Blog / Our Goldberg Variations Harpsichord

Our Goldberg Variations Harpsichord

Posted on 17 Aug 2018 by Carey Beebe

An image of Carey's Harpsichord

Harpsichord maker Carey Beebe dedicates endless focus and effort hand crafting some of the most ornate instruments produced in modern times. In this piece, he shares his passion for the harpsichord, and provides detail on the Ruckers Double played by Erin Helyard in our Goldberg Variations tour.
 

Bach specified a double-manual harpsichord for three of his most significant solo keyboard works: The French Overture BWV831, the Italian Concerto BWV971, and the Goldberg Variations BWV988. The latter presents the greatest challenges for both instrument and performer.
 

Erin Helyard has chosen my 2003 Ruckers Double harpsichord to perform Labadie’s string arrangement of the Goldberg Variations with the ACO, as well as two special recitals of the Goldbergs for ACO Subscribers in Sydney and Melbourne.
 

This instrument is one of my favourites, and made its debut at the opening of Esplanade Singapore in March 2003 with two concerts by Les Arts Florissants. It’s been back to Singapore since, has made it as far afield as Dubai, and you may have already heard it live on stage around Australia, or on recordings.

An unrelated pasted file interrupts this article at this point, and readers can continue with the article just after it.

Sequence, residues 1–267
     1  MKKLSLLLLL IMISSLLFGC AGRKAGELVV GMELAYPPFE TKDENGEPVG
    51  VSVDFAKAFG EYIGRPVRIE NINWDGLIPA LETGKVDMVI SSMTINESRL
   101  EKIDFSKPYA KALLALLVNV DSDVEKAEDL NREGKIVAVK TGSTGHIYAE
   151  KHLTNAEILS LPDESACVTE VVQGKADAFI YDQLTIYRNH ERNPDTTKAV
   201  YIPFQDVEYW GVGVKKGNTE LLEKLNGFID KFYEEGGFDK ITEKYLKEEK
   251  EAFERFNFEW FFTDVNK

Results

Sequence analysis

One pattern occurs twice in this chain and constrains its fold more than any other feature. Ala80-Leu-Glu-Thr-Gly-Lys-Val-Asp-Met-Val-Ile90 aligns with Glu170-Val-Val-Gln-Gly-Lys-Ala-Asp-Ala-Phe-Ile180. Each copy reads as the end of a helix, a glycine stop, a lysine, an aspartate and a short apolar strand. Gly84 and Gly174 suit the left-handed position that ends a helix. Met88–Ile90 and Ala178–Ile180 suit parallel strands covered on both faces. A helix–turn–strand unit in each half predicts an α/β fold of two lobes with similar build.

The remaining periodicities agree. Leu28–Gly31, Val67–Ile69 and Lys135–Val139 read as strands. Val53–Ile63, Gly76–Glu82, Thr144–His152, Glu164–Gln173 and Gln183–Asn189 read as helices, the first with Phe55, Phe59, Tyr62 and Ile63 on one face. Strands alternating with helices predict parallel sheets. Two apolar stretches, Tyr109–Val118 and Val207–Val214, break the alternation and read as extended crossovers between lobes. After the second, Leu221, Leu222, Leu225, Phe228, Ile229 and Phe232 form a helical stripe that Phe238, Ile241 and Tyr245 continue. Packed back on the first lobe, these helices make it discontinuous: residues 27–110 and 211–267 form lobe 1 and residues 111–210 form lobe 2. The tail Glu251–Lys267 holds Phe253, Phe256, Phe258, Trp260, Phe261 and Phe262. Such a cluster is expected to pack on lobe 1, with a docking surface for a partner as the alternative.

The harpsichord as an instrument poses special problems for makers because it died out when musical taste changed in the early nineteenth century. Unlike other musical instruments, there was no continuity of tradition.
 

When the harpsichord was rediscovered in the early twentieth-century, they began to be built in piano factories, using piano technology and readily available materials. There was an overriding assumption that whatever came later must be better. The factory-made Revival or Twentieth-century harpsichord continued to be built through the 1990s, with Germany the centre of this stream of modern harpsichord development.
 

For music of the Baroque and earlier times, the Historic-type harpsichord—firmly based on historic principles and materials of construction—has now become the norm. This didn’t happen overnight. The last twenty or thirty years has been a time of great but gradual change, and all makers—including myself—continue to attempt to more closely emulate the characteristics admired in harpsichords of the past, rather than try to improve on an instrument we feel had already reached its peak. I believe a fine historic harpsichord has an inviting touch and a richer, more resonant and powerful sound than its revival counterpart.
 

In the heyday of the harpsichord, instrument makers used materials which were readily available to them. Plastic, after all, is a relatively modern invention, and may well prove to be the bane of our existence. I’ve tried to come closer to an understanding of the music and instruments of earlier times by embracing the use of organic materials. The 171 tapered pearwood jacks in the 2003 Ruckers Double have holly tongues sprung by boar bristle, and its strings are plucked with plectra cut from Canada goose quill.
 

Can you hear the difference?

- Carey Beebe


You can browse more of Carey's Harpsichords via the link below:

Carey Beebe Harpsichords